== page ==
How Did Nokia Succeed in the Indian Mobile Market?Published: August 23, 2007 in India Knowledge@WhartonBy most accounts, India is among the worlds fastest-growing markets formobile phones. The country has some 170 million subscribers and adds 6million to 7 million more each month. (China, in contrast, adds 5 millionsubscribers, and the U.S. 2 million subscribers a month.) Recognizing this potential, severalglobal telecom giants jumped into the fray when the Indian government first opened up thecountrys telecom market to private enterprise in 1994. Among them, one company -- Finland-based Nokia -- forged ahead of rivals and today commands a 58% market share for mobilephones (also called "handsets"). In specific segments, such as GSM telephony, Nokias marketshare in India is as high as 70%. (GSM, which stands for Global System for Mobile, is theworlds most popular standard for mobile communications.)How did Nokia take the lead in the Indian mobile phone market, ahead of companies such asEricsson, Motorola, LG and Samsung? According to company executives and industry experts,Nokias strategy combined focusing on the mobile phone market, establishing crucial distributionpartnerships, making early investments in manufacturing and brand-building, and developinginnovative product features -- such as mobile phones that could double as flashlights. RaviBapna, professor of information systems at the Indian School of Business in Hyderabad, says,"As far as Nokias India strategy is concerned, the numbers speak for themselves. The companyis a key cog in Indias wireless value chain, and it has used India as its emerging market lab."The Power of FocusD. Shivakumar, Nokia Indias vice president and country manager, believes that focus played akey role in the companys growth in India. "If you look at the [mobile phone] landscape in 1995,anybody could have succeeded if they had done the same things as Nokia did," he says. "But allthe other companies had something else to focus on, some other business. Nokia was completelyfocused on mobile phones; others had consumer electronics, home appliances, etc." Nokiasfocus was not just on handsets, of course. The mobile infrastructure business -- then part ofNokia India -- was equally important. But, as of April 1, 2007, Nokias joint venture withSiemens for mobile infrastructure has become an independent entity. Thus, Nokia India hasbecome even more sharply focused.Being ahead of the curve was another component of Nokias strategy. "We invested beforeeverybody else -- in the brand, in people, in distribution," says Shivakumar. Adds PankajMahendroo, president of the Indian Cellular Association: "Nokia invested in each vertical of thehandset ecosystem -- manufacturing, distribution and design R&D."Nokia has invested more than $1 billion in India so far, and company headquarters at Helsinkihas repeatedly said that more funds will be made available if required. The Indian company had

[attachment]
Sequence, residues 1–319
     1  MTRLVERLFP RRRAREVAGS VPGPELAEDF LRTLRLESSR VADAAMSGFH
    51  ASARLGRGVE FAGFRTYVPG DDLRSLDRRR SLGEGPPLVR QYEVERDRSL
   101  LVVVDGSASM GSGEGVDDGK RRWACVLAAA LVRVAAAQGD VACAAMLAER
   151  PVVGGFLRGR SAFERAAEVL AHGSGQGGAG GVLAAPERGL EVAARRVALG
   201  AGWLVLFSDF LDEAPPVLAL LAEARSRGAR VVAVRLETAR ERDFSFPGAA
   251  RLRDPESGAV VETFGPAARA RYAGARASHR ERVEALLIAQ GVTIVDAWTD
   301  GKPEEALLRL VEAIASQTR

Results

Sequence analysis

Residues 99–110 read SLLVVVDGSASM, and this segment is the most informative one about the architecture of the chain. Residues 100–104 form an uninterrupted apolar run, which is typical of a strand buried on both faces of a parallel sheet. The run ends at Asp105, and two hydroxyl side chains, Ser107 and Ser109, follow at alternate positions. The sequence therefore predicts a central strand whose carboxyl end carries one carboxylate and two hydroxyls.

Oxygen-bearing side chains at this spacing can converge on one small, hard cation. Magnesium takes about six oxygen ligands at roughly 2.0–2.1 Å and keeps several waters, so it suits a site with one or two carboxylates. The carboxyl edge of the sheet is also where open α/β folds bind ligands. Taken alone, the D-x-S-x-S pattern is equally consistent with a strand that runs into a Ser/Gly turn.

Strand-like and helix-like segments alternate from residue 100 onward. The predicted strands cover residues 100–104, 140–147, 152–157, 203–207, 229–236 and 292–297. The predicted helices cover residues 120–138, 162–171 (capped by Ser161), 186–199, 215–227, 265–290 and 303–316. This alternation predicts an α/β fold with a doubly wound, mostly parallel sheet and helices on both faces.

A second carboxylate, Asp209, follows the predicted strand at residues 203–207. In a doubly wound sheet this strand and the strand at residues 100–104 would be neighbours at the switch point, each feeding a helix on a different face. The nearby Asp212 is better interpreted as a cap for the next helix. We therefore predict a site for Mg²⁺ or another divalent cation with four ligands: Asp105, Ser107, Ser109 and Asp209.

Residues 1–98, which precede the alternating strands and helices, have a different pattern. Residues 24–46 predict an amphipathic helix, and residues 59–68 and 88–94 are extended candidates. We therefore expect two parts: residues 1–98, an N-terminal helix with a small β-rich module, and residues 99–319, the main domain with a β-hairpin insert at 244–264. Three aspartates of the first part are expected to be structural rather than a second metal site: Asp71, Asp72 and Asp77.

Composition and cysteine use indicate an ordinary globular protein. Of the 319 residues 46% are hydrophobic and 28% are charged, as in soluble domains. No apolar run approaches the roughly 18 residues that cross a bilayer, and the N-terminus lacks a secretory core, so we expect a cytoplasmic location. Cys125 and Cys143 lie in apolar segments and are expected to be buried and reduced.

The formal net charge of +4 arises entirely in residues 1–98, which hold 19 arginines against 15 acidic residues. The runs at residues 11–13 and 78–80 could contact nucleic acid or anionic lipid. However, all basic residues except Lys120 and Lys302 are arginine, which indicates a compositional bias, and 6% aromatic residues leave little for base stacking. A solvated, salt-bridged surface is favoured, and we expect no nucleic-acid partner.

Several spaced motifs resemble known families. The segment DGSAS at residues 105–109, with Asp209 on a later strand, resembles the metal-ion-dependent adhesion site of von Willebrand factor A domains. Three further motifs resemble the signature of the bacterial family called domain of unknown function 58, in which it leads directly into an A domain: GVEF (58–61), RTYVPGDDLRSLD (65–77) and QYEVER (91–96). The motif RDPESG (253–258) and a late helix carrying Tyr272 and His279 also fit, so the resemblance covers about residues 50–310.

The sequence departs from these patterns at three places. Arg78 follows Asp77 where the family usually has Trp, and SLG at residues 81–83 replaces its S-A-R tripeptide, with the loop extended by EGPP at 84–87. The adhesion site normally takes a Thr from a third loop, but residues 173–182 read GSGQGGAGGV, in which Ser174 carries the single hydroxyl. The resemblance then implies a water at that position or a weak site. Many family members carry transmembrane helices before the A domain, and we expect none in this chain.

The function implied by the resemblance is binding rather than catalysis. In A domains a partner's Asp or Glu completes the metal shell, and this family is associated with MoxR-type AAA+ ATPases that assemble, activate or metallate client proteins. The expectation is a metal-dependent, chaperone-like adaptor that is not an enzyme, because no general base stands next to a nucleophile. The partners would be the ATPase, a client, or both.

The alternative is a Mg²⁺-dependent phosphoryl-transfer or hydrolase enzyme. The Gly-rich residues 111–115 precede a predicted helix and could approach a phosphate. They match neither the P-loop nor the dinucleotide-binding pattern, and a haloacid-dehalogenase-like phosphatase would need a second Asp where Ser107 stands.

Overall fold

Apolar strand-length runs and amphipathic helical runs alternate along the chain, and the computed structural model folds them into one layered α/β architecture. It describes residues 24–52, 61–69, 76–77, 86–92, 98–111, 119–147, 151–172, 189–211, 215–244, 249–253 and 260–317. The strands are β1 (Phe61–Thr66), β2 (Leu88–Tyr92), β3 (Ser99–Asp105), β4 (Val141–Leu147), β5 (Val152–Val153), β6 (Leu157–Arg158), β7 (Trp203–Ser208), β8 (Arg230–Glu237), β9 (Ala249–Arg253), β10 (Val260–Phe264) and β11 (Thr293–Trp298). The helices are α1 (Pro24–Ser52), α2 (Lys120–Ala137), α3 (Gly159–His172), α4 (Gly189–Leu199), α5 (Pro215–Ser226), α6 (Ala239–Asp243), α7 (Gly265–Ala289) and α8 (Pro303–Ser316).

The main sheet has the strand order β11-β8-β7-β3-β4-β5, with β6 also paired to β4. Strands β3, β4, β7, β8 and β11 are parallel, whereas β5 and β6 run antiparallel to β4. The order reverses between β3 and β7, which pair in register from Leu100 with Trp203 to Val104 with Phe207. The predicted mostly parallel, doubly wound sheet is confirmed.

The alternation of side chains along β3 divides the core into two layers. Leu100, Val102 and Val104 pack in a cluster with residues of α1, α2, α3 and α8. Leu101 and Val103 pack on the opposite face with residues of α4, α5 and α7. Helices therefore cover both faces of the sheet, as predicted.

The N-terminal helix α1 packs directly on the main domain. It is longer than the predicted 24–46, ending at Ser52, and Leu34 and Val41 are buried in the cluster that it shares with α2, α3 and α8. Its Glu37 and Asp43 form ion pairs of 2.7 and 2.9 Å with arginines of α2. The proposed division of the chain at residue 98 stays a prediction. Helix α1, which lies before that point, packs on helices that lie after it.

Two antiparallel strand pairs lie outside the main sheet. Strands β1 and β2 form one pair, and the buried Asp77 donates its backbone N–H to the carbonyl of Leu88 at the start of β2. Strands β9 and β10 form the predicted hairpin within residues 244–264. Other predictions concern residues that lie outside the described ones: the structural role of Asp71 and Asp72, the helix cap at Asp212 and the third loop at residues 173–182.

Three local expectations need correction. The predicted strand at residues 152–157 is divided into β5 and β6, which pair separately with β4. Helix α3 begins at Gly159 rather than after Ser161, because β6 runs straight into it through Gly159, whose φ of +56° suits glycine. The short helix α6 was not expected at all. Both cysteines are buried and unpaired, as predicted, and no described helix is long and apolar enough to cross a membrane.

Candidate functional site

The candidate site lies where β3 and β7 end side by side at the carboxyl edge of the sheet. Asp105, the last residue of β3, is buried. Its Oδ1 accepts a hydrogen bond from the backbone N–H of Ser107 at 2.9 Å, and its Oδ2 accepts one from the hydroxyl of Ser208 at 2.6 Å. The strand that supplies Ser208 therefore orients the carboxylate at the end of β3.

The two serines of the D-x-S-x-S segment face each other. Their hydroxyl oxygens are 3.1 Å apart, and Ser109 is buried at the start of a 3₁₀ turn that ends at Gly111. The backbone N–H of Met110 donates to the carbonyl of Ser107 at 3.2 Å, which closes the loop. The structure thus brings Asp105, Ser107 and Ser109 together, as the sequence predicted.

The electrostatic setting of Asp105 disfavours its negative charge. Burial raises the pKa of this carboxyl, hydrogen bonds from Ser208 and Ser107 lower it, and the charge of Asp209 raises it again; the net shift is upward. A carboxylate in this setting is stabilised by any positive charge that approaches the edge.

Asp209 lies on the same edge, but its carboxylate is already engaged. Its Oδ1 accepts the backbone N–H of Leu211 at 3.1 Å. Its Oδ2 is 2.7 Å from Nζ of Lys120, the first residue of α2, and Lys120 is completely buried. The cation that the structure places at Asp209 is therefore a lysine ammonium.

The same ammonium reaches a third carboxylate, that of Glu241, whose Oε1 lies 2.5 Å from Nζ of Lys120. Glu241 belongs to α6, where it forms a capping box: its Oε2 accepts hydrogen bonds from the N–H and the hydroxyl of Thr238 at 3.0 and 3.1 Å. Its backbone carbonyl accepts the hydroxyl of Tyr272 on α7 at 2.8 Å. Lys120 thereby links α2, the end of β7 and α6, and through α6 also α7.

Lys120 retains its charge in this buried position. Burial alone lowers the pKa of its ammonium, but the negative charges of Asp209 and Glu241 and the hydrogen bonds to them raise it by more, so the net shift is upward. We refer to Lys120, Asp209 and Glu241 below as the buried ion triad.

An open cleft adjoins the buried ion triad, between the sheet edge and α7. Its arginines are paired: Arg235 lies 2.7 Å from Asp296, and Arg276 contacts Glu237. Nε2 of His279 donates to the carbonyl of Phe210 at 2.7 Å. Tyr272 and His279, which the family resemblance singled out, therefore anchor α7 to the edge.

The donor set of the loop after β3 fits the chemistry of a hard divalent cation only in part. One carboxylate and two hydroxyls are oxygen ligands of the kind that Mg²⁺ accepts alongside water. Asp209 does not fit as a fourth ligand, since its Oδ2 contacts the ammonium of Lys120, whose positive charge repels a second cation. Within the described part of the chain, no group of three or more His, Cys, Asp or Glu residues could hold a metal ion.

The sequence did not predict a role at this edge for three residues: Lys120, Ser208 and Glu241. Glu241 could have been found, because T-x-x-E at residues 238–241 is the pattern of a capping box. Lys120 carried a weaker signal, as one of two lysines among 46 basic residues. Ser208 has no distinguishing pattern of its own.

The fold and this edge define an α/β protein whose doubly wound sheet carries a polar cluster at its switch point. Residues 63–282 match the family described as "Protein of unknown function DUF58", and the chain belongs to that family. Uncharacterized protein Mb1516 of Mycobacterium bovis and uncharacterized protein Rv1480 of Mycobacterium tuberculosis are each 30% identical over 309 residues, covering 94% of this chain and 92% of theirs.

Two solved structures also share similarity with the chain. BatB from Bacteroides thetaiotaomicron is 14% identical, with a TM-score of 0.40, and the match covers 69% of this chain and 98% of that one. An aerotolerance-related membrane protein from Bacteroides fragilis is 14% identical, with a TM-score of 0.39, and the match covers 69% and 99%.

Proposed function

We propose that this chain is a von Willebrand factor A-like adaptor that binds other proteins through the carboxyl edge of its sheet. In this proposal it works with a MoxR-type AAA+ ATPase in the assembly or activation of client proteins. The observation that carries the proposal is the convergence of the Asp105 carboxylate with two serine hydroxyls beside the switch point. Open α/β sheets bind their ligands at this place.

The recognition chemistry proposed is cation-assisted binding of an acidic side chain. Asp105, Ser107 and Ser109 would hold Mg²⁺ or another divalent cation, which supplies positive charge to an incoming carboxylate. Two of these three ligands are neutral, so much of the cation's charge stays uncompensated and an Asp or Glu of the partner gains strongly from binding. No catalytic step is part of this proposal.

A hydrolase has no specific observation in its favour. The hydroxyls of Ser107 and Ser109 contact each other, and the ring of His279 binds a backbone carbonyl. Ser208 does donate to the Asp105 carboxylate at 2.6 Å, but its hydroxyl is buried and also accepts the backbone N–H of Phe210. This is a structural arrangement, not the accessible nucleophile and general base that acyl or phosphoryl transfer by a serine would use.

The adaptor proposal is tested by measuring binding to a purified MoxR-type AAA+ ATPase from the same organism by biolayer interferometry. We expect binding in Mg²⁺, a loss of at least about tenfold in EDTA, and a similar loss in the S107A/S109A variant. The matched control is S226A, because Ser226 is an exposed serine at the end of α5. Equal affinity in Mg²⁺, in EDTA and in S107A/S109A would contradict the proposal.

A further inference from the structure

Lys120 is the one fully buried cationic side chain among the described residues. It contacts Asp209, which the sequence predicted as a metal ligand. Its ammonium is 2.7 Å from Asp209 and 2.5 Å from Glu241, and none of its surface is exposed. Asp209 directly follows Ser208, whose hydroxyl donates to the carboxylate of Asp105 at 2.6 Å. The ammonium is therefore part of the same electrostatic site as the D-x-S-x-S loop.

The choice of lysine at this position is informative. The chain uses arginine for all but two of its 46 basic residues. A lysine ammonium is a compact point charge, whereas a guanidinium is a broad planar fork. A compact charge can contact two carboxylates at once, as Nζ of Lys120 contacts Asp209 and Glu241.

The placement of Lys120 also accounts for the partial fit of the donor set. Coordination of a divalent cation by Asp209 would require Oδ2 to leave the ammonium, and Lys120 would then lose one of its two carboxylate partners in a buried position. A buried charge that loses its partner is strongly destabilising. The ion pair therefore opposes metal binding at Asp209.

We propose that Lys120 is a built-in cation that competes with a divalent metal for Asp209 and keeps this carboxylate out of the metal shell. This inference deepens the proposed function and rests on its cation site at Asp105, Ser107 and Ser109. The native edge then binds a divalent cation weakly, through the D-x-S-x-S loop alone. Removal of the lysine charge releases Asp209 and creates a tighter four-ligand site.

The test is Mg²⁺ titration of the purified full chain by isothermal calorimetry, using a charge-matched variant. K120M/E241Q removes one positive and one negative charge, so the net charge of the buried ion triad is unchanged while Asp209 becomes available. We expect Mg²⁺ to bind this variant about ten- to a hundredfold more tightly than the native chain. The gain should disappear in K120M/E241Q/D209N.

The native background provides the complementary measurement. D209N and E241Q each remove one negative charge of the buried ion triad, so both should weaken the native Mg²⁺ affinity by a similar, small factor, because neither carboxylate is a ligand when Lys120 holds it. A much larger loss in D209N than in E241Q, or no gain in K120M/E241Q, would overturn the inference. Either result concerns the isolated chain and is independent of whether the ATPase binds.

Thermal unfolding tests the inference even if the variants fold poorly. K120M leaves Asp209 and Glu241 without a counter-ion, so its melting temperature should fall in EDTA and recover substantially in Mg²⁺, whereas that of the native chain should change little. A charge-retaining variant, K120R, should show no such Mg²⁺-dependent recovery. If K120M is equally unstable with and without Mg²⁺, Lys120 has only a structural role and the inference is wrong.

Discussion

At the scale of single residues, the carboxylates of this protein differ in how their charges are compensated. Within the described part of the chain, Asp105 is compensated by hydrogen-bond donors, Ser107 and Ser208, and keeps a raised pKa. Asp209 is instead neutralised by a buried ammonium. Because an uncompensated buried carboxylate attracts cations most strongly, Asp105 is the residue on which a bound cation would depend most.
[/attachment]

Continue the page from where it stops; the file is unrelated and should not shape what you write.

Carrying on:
revenues of more than $3.5 billion in 2006, which means there is also money to be reinvested.(The company does not disclose its profit numbers.)The Distribution EdgeInvestment in people is difficult to judge; every company claims to have the best talent in thebusiness. But when it comes to distribution, Nokias lead is clear. Today, India has some 95,000outlets that sell mobile phones. "In 50,000 of them -- and thats a conservative estimate -- onlyone brand is available, Nokia," says Shivakumar.Nokia started distributing its phones through a partnership with HCL (formerly HindustanComputers Ltd.), which had already built an extensive network for its own products. Recently,Nokia has decided to supplement that with its own distribution efforts. "Both companies realizedthat there was a tremendous growth opportunity and it was best that we utilized the resources ofboth organizations in an optimum manner," says Nokia India director of sales Sunil Dutt. "Wedecided that we would address some markets jointly, and that we would individually addresssome of the other markets."While Dutt does not spell out how the two partners will divide the markets, some clues exist inthe way demand is shaping up. In the cities where the market is maturing, buyers are looking atmore sophisticated mobile phones, such as Nokias E-series phones (which serve business users)and the N-series (which have multimedia features). In rural India -- which constitutes 70% of thepopulation -- affordability is an issue. So there is a different range for this constituency.The price points sometimes dictate the type of outlet. "As the [telecom] operator footprintexpands into different markets, all kinds of retail outlets get into selling mobile phones andairtime connections," says Dutt. "People who have been selling consumer electronics, STD boothowners and even cloth merchants get into this business." A stationery store stocks mobiles in acorner; a mom-and-pop grocery store moves beyond rice and lentils. "Then there are people withexisting businesses who decide to set up a separate shop only for mobile phones," he continues."And why do they feel the need to set up a different outlet? In this business, customerengagement … requires a completely different approach. Even the retail outlets realize this and[have started] separating the two businesses."Dutt notes that in the mature urban markets, "such as the metros and Tier I towns where mobilityhas been around for a few years, customer expectations are more evolved, and are continuouslyevolving. Our task here is to provide our people with relevant competency and skills sets." Nokiahas begun to set up concept stores -- seven so far -- in Indian cities. "At our concept stores, wehave tried to bring to life all the experiences that we offer at Nokia experiential zones across theworld," he adds.Investment in ManufacturingThe other big investment area that has set Nokia apart from other telecom firms is manufacturingfacilities and R&D. Nokia has several R&D centers and labs in India. More importantly, itestablished a $150 million handset manufacturing facility in Chennai in 2005. The total